Q: The Pens haven't seen (Washington goalie) Simeon Varlamov and he hasn't played against them. Who has the advantage?
Bob LoCicero, Frederick, Md.
MOLINARI: You might get a firm opinion on this issue somewhere, but it won't be here because it's too easy to make a case for that going either way. It's always tough to say conclusively which side will benefit most in a situation like this, or just how long it will take the competitors to get a feel for what to expect from one another.
It's conceivable, though, that the Penguins might have one edge. Their entire team will have to prepare and study just one scouting report on Varlamov -- it's not as if his basic style and tendencies are going to change -- while he will have to try to get a feel for a considerably larger number of shooters. (Not that he's likely to stay up all night studying tape of defensive defensemen like Hal Gill and Rob Scuderi.) Either way, goaltending is the most important variable in any playoff series, and that certainly will be the case in one featuring so many gifted forwards on both teams.
Varlamov, who replaced Jose Theodore after the Capitals' first game against the New York Rangers in Round 1, acquitted himself very well in that series and showed why Washington has great long-term hopes for him, but it is safe to assume that the Penguins will pose a far greater challenge for him. New York had trouble scoring goals all season; the Penguins can get them in bunches, and have three lines capable of being major forces in the offense.
Look for the Penguins to try to get Varlamov, who turned 21 Monday, moving laterally as much as possible and to emphasize generating second-chance opportunities, never a bad idea against any goalie, no matter what his skill level or experience.
Q: What will the Penguins' salary-cap situation look like after the season? With the addition of Chris Kunitz and the eventual loss of several low- to mid-range salaries, it seems as though the Penguins will have some room to navigate the free-agent market.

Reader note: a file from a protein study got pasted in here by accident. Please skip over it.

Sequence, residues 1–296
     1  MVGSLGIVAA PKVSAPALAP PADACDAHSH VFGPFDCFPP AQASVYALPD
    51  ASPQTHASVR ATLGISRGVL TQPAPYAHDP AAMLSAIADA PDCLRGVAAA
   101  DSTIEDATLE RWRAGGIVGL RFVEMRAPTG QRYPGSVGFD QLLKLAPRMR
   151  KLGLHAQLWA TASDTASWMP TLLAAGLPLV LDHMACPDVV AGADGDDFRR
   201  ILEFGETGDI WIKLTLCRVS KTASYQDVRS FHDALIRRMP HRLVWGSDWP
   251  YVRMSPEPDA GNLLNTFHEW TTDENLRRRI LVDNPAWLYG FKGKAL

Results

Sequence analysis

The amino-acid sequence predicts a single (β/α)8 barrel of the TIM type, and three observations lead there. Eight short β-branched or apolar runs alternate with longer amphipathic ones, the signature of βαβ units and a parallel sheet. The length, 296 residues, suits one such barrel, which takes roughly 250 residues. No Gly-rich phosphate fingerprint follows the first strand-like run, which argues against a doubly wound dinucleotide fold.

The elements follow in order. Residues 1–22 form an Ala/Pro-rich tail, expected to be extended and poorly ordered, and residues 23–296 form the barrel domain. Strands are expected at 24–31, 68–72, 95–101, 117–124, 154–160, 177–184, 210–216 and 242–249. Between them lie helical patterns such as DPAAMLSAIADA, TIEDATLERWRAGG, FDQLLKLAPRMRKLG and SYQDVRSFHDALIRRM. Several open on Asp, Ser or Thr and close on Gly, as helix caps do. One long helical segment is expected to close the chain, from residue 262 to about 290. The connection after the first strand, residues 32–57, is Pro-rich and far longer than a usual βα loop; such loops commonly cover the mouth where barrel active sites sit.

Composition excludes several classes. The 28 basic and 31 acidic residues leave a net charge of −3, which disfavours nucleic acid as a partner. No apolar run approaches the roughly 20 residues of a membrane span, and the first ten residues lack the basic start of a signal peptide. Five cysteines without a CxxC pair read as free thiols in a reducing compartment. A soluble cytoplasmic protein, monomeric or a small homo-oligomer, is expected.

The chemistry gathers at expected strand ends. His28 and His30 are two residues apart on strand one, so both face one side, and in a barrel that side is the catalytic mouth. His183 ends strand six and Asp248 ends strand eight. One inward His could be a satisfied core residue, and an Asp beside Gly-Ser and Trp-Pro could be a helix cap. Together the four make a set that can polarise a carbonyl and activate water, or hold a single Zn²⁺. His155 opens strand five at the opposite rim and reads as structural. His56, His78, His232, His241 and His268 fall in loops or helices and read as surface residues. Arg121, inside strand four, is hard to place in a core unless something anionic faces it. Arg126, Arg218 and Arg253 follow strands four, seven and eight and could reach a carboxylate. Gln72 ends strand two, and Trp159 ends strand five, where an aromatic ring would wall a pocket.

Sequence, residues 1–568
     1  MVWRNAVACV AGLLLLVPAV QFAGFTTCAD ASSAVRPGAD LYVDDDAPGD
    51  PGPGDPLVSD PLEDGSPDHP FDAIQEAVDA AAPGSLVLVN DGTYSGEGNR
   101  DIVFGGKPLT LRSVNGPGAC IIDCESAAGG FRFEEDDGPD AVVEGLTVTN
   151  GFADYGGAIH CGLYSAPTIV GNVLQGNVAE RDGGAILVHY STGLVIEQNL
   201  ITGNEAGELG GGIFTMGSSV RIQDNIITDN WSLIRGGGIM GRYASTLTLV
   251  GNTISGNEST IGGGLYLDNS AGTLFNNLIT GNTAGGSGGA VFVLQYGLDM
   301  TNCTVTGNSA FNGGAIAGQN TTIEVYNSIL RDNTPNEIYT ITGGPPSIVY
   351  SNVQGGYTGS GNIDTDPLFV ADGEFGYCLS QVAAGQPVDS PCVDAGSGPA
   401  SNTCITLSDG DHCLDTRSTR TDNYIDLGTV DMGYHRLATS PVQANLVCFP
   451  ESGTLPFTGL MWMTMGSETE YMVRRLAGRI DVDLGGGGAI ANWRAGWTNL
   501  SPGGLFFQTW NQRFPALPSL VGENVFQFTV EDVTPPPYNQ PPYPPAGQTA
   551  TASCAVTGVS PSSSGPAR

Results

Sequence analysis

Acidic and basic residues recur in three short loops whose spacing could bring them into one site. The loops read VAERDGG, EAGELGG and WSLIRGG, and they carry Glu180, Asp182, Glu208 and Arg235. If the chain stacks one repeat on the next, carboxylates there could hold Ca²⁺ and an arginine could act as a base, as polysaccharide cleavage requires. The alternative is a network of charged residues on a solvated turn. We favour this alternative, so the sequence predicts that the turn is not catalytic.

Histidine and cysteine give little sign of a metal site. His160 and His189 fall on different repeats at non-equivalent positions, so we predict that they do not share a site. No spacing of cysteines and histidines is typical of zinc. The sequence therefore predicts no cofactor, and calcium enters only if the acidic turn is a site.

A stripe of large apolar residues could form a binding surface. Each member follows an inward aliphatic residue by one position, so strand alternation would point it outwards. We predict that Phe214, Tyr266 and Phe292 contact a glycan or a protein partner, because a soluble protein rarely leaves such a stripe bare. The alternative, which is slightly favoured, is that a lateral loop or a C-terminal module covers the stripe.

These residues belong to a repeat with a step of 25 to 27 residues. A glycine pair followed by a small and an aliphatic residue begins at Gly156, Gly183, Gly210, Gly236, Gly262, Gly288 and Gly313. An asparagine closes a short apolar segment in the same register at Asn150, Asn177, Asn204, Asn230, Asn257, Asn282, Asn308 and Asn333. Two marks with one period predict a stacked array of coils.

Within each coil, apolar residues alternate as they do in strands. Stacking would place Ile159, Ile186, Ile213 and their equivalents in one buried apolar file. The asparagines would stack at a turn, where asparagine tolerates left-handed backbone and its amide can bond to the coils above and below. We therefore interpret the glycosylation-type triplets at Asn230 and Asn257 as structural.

MOLINARI: The Penguins definitely will shed some salary via free agency this summer, although it still isn't clear which of their unrestricted-free-agents-to-be they will try to retain.
The guys who will be unrestricted, and their salary-cap hits, are Bill Guerin ($4.5 million), Miroslav Satan ($3.5 million), Petr Sykora ($2.5 million), Philippe Boucher ($2.5 million), Ruslan Fedotenko ($2.25 million), Hal Gill ($2.075 million), Mathieu Garon ($1.1 million), Rob Scuderi ($712,500), Mike Zigomanis ($650,000) and Craig Adams ($600,000).
That adds up to a considerable chunk of money, but it should not be overlooked that some of those guys will be back, and at least a few -- Scuderi is a pretty good example -- would be in line for a pay increase.
What's more, the Penguins will have to replace the guys they opt against bringing back (or who choose to go elsewhere) and that will cut into the total.
What's more, there are two major factors that mitigate against the Penguins acting aggressively in free agency, at least where big-ticket talent is concerned. They have made it clear that holding onto homegrown talents like Sidney Crosby, Evgeni Malkin, Marc-Andre Fleury, Jordan Staal and Brooks Orpik is their top priority, and general manager Ray Shero has made long-term, big-money investments in all of those guys. Those five alone will have a cap hit of about $30 million in 2009-10. Throw in Sergei Gonchar ($5 million) and Kunitz ($3.725 million), and Shero won't have much latitude to commit to major contracts, especially when it's pretty much assumed that the cap ceiling will drop significantly in 2010-11 because of a decline this season in the league-wide revenues on which the cap range is based.